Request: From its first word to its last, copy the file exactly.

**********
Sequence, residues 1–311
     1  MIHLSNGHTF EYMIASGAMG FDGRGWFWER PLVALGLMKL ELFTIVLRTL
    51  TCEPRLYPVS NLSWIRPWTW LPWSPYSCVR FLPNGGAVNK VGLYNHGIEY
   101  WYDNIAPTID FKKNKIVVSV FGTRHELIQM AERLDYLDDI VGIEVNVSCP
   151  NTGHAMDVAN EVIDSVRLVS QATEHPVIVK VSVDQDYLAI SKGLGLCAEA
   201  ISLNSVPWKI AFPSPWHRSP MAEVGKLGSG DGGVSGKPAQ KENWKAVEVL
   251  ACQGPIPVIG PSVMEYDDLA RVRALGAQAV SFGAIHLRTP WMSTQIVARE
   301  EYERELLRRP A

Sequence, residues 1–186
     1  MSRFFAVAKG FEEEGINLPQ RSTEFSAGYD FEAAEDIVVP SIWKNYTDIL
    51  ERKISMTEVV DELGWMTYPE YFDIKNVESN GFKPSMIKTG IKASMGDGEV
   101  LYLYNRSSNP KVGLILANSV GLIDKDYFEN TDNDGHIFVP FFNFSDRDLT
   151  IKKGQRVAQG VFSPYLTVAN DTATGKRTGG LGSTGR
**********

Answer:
Sequence, residues 1–311
     1  MIHLSNGHTF EYMIASGAMG FDGRGWFWER PLVALGLMKL ELFTIVLRTL
    51  TCEPRLYPVS NLSWIRPWTW LPWSPYSCVR FLPNGGAVNK VGLYNHGIEY
   101  WYDNIAPTID FKKNKIVVSV FGTRHELIQM AERLDYLDDI VGIEVNVSCP
   151  NTGHAMDVAN EVIDSVRLVS QATEHPVIVK VSVDQDYLAI SKGLGLCAEA
   201  ISLNSVPWKI AFPSPWHRSP MAEVGKLGSG DGGVSGKPAQ KENWKAVEVL
   251  ACQGPIPVIG PSVMEYDDLA RVRALGAQAV SFGAIHLRTP WMSTQIVARE
   301  EYERELLRRP A

Sequence, residues 1–186
     1  MSRFFAVAKG FEEEGINLPQ RSTEFSAGYD FEAAEDIVVP SIWKNYTDIL
    51  ERKISMTEVV DELGWMTYPE YFDIKNVESN GFKPSMIKTG IKASMGDGEV
   101  LYLYNRSSNP KVGLILANSV GLIDKDYFEN TDNDGHIFVP FFNFSDRDLT
   151  IKKGQRVAQG VFSPYLTVAN DTATGKRTGG LGSTGR